US 3338622 A
Description (OCR text may contain errors)
29, 1967 w. v BACHMANN 3,338,622
SWIVEL SEAT FOR MOTOR VEHICLE 5 Sheets-Sheet 1 Filed Dec. 8, 1965 34a 342 A]; 54a
Aid 14 INVENTOR. J4 14 127547 Facfimann Aug. 29, 1967 w. v. BACHMANN SWIVEL SEAT FOR MOTOR VEHICLE 3 Sheets-Sheet 2 Filed Dec. 8, 1965 U KN M H M H fiTTOF/VE 7.5,
Aug. 29, 1-967 w. v. BACHMANN SWIVEL SEAT FOR MOTOR VEHICLE Filed Dec 8, 1965 5 Sheets-Sheet 5 United States Patent poration of Delaware Filed Dec. 8, 1965, Ser. No. 512,431 11 Claims. (Cl. 29665) This invention relates to a swivel seat for a motor vehicle.
It is an object of the present invention to provide an improved swivel seat for a motor vehicle.
A more specific object is to provide a swivel seat which is peculiarly adapted to serve as the fiont passenger seat of a motor vehicle.
These and other objects, features and advantages of the invention will be apparent from the following detailed description of a preferred embodiment of the invention and from the accompanying drawings in which:
FIG. 1 is a fragmentary sectional view of a motor vehicle embodying a swivel seat according to the invention;
FIG. 2 is a plan view of the swivel base structure of the swivel seat of FIG. 1;
FIG. 3 is a sectional view of the swivel base structure of FIG. 2 taken on line 33 of FIG. 2;
FIG. 4 is an end view of the swivel base structure of FIG. 2;
FIG. 5 is a view on an enlarged scale of the swivel base structure within the dotted circle of FIG. 3; and
FIG. 6 is a fragmentary detail view looking in the direction of the arrow 6 in FIG. 3.
The motor vehicle seen fragmentarily in FIG. 1 includes a roof 10, a windshield 12, an instrument panel 14, a door 16, a cowl side panel 18, a toe board 20, and a floor pan 22 including a forward floor portion 24.
Forward floor portion 24 supports a swivel seat assembly 26 comprising the front passenger seat of the motor vehicle. Seat assembly 26 includes a seat back 28, a seat bottom 30, and a swivel base structure seen generally at 32.
Particular reference is now made to FIGS. 2, 3 and 4. Base structure 32 includes right and left adapter plates 34, 36, a lower stationary platform 38, and an upper swiveling platform 40.
Right adapter plate 34 includes a base portion 34a and an upstanding rib portion 34b. Bolts 37, 39 pass through holes 41, 42 in base portion 34a and through aligned, longitudinally spaced holes in floor portion 24 to secure adapter plate 34 to floor portion 24 in a position extending generally parallel to the longitudinal axis of the vehicle. Forward and rearward risers 44, 46 are welded to the inboard face of rib portion 34b.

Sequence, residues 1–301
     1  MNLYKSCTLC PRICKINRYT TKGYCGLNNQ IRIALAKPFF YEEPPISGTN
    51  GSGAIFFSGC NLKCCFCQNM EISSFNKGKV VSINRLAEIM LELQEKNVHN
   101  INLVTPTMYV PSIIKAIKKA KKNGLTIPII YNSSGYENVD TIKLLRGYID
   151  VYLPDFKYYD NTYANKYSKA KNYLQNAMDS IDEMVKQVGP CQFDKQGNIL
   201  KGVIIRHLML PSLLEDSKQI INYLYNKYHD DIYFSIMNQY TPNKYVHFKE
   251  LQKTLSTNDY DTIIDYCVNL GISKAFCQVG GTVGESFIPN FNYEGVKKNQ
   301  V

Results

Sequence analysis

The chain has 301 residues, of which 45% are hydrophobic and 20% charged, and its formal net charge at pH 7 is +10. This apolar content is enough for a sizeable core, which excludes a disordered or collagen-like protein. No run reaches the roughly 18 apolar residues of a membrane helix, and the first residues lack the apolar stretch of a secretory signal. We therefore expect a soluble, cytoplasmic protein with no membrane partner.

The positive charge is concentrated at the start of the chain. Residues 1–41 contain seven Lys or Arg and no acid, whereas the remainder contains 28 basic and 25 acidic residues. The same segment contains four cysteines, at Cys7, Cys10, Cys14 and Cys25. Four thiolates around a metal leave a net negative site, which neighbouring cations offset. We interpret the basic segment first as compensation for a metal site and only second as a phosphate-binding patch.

Left adapter plate 36 includes a base portion 36a a mounting portion 36b, and a twisted bridge portion 360 connecting base portion 36a and mounting portion 36b. Bolts 47, 48 pass through holes 50, 52 in base portion 36a and through aligned, longitudinally spaced holes in floor portion 24 to secure adapter plate 36 to floor portion 24 in a position extending generally parallel to adapter plate 34. A riser 54 is welded to the forward upper face of mounting portion 36b.
Lower platform 38 is a single piece structure comprising a generally rectangular and generally horizontal mounting portion 38a and skirt portions 38b, 0, d and e depending integrally from the four sides of portion 38a to form therewith a downwardly opening, box-like structure.
Mounting portion 38a is radially crimped to form a lower annular ball bearing race 56. Portion 38a also includes a central lightening hole 58 concentrically within race 56. A reinforcing pad 60 is welded to the underface of mounting portion 38a adjacent the four corners of the latter and four studs 62a, 11, c and d are welded to the "ice four corners of portion 38a and project downwardly therefrom through aligned apertures in portion 38a and the underlying pads 60. Studs 62a, b and d pass through slots provided in risers 44, 46 and 54 and through holes in floor portion 24. Stud 62c passes directly through a locally elevated section of floor portion 24. Studs 62 are engaged beneath floor portion 24 by nuts to fixedly secure lower platform 38 to adapter plates 34, 36 and provide a firm foundation to receive upper swivelling platform 40.
Platform 40 includes a main plate 64, a front cover 70, and a rear cover 72. Plate 64 includes a generally rectangular and generally horizontal mounting portion 64a, side wall portions 64b upstanding from either longitudinal edge of mounting portion 64a, and raised wing portions 640 extending laterally outwardly from wall portions 6411.
Cover 70 is relatively thin gauge and is welded to the forward end of main plate 64; rear cover 72 comprises a relatively heavy gauge U-channel and is welded to the rearward end of main plate 64. The central section of the web portion 74 of channel 72 is bowed inwardly to provide additional rear seat foot room. Reinforcing plates 75 are welded to the inner face of web portion 74 at each end of the latter and nuts 76 are welded to reinforcing plates 75. A reinforcing angle bracket 76 is welded to one wing portion 640 and to the adjacent upper face of mounting portion 64a. Another angle bracket 77 is welded to the other wing portion 640V and to mounting portion 64a.
Mounting portion 64a is doubly crimped to form an upper annular ball bearing race 78 and a lower annular ball bearing race 80. Portion 64a also includes a central lightening hole 82.
Swivel base structure 32 also includes a disc 84. Disc 84 is radially crimped to provide an upper annular ball bearing race 86; disc 84 also includes a central lightening hole 87.
In the assembled relationship of the swivel base structure (best seen in FIG. 5), lower bearing race 56 of mounting portion 38a and upper bearing race 78 of mounting portion 64a are radially aligned to rollably receive therebetween a plurality of relatively large diameter steel balls 88, and upper bearing race 86 of disc 84 and lower bearing race of mounting portion 6411 are radially aligned to rollably receive therebetween a plurality of relatively small diameter steel balls 90.